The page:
Marco Polo, the big-budget saga with occasional references to the real-life 13th-century Italian merchant who hung out with Kublai Khan, is action-packed, compelling and filled with intrigue and sex ... eventually.
And by "eventually," I mean only after you slog through four slowly paced hourlong episodes filmed in semi-darkness, with a script filled with declamatory dialogue that does little to humanize the story or help untangle the deceptively labyrinthine script. Once you do penetrate the mare's nest of a plot, you realize you've probably seen enough of this kind of thing to anticipate much of the action. The show becomes available for streaming Friday on Netflix.
Six of the first season's 10 episodes were made available to critics and for much of the time, I almost found myself wishing, for a change, that the network had sent fewer.
It's not a total failure, because the challenge of watching it is somewhat counterbalanced by some very good performances and convincing, if underlit, detail of the sets and costumes.
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The series was created by John Fusco (The Forbidden Kingdom) and directed with somnambulant pacing by Dan Minahan, Joachim Ronning and Espen Sandberg.
It begins, of course, with the arrival of Marco (Lorenzo Richelmy), his father and uncle, in Mongolia, ruled by the great and powerful Kublai Khan (Benedict Wong). The elder Polos soon take off, leaving Marco to fend for himself as a guest of Khan, although, in truth, he is a prisoner.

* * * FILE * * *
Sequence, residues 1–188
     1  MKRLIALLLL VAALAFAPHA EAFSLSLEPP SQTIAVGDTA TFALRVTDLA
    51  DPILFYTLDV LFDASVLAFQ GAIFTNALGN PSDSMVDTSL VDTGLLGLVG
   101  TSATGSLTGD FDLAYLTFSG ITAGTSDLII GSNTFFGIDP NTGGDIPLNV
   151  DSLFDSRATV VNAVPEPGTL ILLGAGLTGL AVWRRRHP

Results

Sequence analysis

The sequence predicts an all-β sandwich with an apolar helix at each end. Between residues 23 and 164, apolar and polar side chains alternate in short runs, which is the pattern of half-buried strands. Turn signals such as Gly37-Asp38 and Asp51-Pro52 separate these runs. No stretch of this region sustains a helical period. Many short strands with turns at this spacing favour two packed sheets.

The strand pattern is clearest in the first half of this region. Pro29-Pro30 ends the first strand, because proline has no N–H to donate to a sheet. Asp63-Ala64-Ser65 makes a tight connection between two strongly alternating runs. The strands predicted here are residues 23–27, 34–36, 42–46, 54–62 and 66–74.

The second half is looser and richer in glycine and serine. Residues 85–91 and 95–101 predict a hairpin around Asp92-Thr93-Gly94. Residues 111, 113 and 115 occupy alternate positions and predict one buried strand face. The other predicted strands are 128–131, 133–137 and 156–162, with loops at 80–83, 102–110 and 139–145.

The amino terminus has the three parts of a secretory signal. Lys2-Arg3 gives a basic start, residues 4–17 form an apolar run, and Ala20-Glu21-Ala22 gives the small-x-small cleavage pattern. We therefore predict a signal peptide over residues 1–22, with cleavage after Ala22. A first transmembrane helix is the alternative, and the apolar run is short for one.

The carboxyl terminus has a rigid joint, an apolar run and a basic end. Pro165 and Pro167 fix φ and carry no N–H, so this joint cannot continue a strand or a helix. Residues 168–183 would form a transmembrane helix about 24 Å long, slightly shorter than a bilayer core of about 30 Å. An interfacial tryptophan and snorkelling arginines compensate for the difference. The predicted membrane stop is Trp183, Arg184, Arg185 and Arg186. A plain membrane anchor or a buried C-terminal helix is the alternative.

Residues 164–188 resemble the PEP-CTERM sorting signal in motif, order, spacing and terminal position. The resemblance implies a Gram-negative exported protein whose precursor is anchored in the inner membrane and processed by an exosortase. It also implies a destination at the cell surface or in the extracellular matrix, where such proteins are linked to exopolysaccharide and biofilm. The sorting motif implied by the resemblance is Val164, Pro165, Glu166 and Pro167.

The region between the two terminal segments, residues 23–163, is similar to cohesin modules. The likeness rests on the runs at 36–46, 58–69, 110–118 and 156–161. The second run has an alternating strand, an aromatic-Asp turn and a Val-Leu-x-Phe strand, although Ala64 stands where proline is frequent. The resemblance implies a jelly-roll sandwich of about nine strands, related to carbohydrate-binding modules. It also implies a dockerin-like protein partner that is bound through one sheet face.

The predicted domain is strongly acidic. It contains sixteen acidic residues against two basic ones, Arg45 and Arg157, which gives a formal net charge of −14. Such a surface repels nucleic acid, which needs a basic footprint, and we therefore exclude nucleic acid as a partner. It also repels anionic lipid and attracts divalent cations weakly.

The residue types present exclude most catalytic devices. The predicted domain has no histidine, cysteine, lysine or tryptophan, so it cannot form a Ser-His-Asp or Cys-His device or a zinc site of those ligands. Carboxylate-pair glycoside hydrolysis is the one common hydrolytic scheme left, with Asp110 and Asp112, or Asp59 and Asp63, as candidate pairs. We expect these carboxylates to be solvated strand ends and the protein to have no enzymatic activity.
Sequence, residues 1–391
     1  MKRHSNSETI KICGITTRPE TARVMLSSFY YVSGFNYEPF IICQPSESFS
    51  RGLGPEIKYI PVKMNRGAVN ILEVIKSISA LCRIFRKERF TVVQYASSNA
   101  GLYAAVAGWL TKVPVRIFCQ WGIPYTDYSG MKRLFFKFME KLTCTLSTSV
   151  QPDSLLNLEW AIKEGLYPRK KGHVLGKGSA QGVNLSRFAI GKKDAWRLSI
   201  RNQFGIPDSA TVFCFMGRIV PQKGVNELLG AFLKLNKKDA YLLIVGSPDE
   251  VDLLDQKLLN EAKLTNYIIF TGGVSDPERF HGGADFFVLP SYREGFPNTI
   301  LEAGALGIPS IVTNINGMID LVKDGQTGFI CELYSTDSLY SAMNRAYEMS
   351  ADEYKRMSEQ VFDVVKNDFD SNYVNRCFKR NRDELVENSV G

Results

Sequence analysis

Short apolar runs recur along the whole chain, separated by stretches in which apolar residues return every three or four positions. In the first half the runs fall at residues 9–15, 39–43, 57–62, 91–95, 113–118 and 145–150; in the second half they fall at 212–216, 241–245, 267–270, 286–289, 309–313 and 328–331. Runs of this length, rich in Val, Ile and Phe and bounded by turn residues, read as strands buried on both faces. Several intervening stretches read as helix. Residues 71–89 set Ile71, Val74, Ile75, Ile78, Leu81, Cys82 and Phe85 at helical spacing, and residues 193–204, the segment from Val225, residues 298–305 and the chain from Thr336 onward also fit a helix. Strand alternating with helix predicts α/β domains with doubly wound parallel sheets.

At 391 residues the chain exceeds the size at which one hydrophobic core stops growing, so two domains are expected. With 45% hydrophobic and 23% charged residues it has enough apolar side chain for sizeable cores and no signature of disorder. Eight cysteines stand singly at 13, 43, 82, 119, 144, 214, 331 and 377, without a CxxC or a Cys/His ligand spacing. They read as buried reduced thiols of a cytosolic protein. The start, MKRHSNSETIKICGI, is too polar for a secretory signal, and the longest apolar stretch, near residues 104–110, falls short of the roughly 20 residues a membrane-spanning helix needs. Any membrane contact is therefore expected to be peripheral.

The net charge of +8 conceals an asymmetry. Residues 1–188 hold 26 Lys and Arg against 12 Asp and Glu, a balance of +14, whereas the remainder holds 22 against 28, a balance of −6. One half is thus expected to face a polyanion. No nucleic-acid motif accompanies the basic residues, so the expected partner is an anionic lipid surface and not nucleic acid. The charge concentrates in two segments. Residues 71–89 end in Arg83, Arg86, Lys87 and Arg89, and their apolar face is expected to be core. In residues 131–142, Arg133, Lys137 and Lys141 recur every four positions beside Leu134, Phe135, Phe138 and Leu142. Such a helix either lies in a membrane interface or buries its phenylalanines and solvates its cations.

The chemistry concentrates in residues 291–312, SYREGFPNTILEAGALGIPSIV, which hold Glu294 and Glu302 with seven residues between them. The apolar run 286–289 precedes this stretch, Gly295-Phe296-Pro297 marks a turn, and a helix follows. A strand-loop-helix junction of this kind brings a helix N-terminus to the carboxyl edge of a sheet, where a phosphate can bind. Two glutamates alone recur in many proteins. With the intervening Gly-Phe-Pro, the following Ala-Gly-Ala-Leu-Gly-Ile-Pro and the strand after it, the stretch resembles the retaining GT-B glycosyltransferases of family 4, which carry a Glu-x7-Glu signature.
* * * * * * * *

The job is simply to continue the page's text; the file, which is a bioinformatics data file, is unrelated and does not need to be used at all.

There is upheaval within the empire and beyond. Not only are the Chinese fighting to keep the Mongols at bay, but there is treachery among the Mongol tribes, including the one headed by Khan's younger brother, who has designs on Khan's throne.
Through all of this, you might find yourself asking, Where's Marco? Well, he's there and sometimes even present in the thick of things, but the character is a somewhat uninteresting cypher. He takes kung fu lessons from the blind Hundred Eyes (Tom Wu), smokes some sort of Mongolian peyote and imagines himself in the center of an orgy, trails the mysterious Blue Princess (Zhu Zhu) trying to figure out where she goes at night, and gradually insinuates himself in Khan's good graces.
But he's not that interesting, which might have something to do with Richelmy, who looks the part of young hero but is rather passionless.
There is a lot of violence in Marco Polo, and a whole lot of nudity, and there are superb performances (Wong; Joan Chen as Empress Chabi; Australian actor Remy Hii as Khan's son and heir, Wu; Chin Han, a picture of unadulterated evil ambition as chancellor Sidao; and Mahesh Jadu as the not entirely trustworthy Ahmad), all of which are undermined by ponderously self-important writing and direction. The fifth and sixth episodes suggest Marco Polo might get over itself in the home stretch, which might be OK since this is a streamed show with multiple episodes available at once. But you still have to give viewers a compelling reason to keep going from the get-go.